Tuesday, December 29, 2009

Urban Terror

This is a fun old game I used to play a lot about 5 years ago. It kind
of fell by the wayside as I kept upgrading hardware and software.
But this new version 4.1 installs easy and runs great on my
hardware with Ubuntu 9.10. Urban Terror no longer requires an
installation of Quake 3 Arena.

Urban Terror

It's an online first-person shooter.
There are versions for Linux, the Mac, even (retch) Windows.

I must have played for about 4 hours today. This is what vacation
is all about.

Thursday, December 17, 2009

Wednesday, December 16, 2009

Using Firefox as Eclipse's external browse

My environment for this is Ubuntu 9.10, Eclipse Galileo (3.5).
I started out thinking this would be about a one minute
configuration change. Go to Window->Preferences, click on
Web Browser, select 'use external web browser' and 'default
system web browser', done, right?

Oops, that's not quite what I want. I always already have
Firefox open and when I clicked on something that used
a browser like Help->Help Contents, it would open a new
tab in one of my existing Firefox windows instead of opening
a new browser window in the same virtual desktop as

I found Mozilla Command Line Options and decided what I
needed was a command like 'firefox -new-window URL'. I
tried this at the command line and it seemed to do the right
thing - bring the URL up in a new window of the existing
browser session.

Now all I needed to do was configure this in Eclipse.
I created a new web browser (Window->Preferences,
General->Web Browser) like this:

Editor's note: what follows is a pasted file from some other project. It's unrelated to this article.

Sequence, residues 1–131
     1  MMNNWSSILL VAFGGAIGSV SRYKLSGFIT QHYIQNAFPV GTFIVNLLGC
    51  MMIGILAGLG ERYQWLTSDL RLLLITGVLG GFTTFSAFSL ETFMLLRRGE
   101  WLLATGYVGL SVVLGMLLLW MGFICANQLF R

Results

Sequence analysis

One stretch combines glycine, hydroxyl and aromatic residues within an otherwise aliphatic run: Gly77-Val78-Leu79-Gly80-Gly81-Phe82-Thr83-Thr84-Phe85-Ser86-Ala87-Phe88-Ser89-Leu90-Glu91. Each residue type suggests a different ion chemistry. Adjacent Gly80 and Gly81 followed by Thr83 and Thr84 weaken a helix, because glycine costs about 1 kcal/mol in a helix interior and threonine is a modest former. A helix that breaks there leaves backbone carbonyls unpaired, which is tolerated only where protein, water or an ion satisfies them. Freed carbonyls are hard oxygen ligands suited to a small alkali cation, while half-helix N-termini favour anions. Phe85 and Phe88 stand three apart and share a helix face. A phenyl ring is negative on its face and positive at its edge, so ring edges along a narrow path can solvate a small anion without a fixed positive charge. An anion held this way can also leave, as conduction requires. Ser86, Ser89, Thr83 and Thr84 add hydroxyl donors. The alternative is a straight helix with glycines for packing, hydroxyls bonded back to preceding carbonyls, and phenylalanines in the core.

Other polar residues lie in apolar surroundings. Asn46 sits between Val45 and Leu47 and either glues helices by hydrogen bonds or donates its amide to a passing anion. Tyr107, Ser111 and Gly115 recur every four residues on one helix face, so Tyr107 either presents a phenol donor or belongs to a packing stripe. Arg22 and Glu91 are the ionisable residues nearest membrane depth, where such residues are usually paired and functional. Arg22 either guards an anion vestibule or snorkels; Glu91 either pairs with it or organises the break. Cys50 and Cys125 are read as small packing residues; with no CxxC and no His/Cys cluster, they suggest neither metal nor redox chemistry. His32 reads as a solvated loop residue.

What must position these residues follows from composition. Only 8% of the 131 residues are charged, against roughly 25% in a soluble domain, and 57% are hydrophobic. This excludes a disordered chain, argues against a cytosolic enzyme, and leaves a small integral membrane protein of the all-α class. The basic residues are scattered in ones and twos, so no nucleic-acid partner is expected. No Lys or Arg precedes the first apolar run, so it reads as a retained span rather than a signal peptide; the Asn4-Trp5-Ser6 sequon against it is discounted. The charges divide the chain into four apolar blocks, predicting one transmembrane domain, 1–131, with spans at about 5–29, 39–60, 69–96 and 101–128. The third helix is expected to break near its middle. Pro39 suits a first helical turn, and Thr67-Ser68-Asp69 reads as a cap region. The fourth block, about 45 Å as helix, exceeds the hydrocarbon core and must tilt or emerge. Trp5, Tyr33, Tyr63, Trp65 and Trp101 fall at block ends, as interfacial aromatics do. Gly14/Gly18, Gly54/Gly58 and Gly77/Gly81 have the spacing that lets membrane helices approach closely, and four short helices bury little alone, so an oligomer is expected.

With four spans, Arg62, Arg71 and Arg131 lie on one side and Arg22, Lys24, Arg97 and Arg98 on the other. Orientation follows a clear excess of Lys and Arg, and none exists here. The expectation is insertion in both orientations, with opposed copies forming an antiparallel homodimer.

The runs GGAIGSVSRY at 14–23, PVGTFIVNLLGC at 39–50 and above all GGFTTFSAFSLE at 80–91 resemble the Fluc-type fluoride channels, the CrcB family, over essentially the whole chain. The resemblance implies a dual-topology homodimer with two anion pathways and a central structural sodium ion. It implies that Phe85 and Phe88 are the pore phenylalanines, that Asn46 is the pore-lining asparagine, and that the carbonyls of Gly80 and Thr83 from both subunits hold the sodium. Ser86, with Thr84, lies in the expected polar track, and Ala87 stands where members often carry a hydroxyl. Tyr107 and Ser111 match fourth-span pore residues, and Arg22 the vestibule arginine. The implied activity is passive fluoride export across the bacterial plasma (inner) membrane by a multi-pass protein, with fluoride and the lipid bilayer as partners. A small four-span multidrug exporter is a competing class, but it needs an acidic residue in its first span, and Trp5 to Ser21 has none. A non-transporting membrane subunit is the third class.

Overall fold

Name: Firefox
Location: /usr/bin/firefox
Parameters: -new-window %URL%

I tried that and numerous variations. It felt like Eclipse
was just ignoring whatever I put in 'Parameters'. The URL
would always open in a new tab instead of opening a new

Frustrated, I finally edited 'Firefox' to this:

Name: Firefox
Location: /home/lmulcahy/bin/firefox-new-window

and wrote the firefox-new-window script as follows:

echo $@ > /tmp/firefox-new-window

I tried Help->Help Contents again and found this in
the output in /tmp:

-remote openURL(

Well, now we're getting somewhere...
Eclipse is adding '-remote' to my command line
and it's also enclosing the URL in 'openURL()'.

To make a long story short, here's my firefox-new-window script
now. This does just what I wanted:

URL=`echo $2 | sed 's/.*(\(.*\))/\1/'`
/usr/bin/firefox -new-window $URL

Is it just me or does this seem like a pretty gross Eclipse bug?

Emacs features I miss in Eclipse

It's been about 2 years since I bit the bullet and abandoned my
beloved Emacs in favor of Eclipse for Java coding. I don't
really regret this. Eclipse's many features offering specialized
support for Java (things like Organize Imports, Generate
Getters and Setters, all the refactoring commands, etc.) make
this a no-brainer. Yet I still find myself occasionally dropping
back into Emacs for these indispensable features:
  • Defining macros on the fly with M-(, M-) for repetitive changes.
  • M-X sort-lines. If I'm working on some kind of list like a list of JAR files in a classpath where the order doesn't really matter, I like to have them in alphabetical order. Eclipse doesn't really give you any way to do this.
  • Dired (file manager)
  • Split-window (C-X 2), split-window-horizontally (C-X 3).
  • All the downcase/upcase/capitalize commands.
  • Case-smart search and replace. I'm constantly repeating the same search and replace 2 or 3 times in Eclipse because Eclipse can't figure out that if I want to change 'string1' to 'string2', then I probably also want to change 'String1' to 'String2'. Emacs just quietly Does The Right Thing.
  • Comment-dwim (M-;) Inserts end of line comments, aligned at a preconfigured column or just at the end of the line if the line is already longer than that column. If a comment is already present, aligns the comment to the appropriate column and places the cursor at the beginning of the comment. Does multiple lines if a region is selected. Works the same way in Java, Perl, C, etc. using the appropriate syntax for the language. Great for adding a short comment to every element of a list neatly aligned in the same column. DWIM stands for 'do what I mean'.
  • Indenting and filling that works for comments.
  • Ironically, Emacs' compact and lightweight memory footprint, by comparison.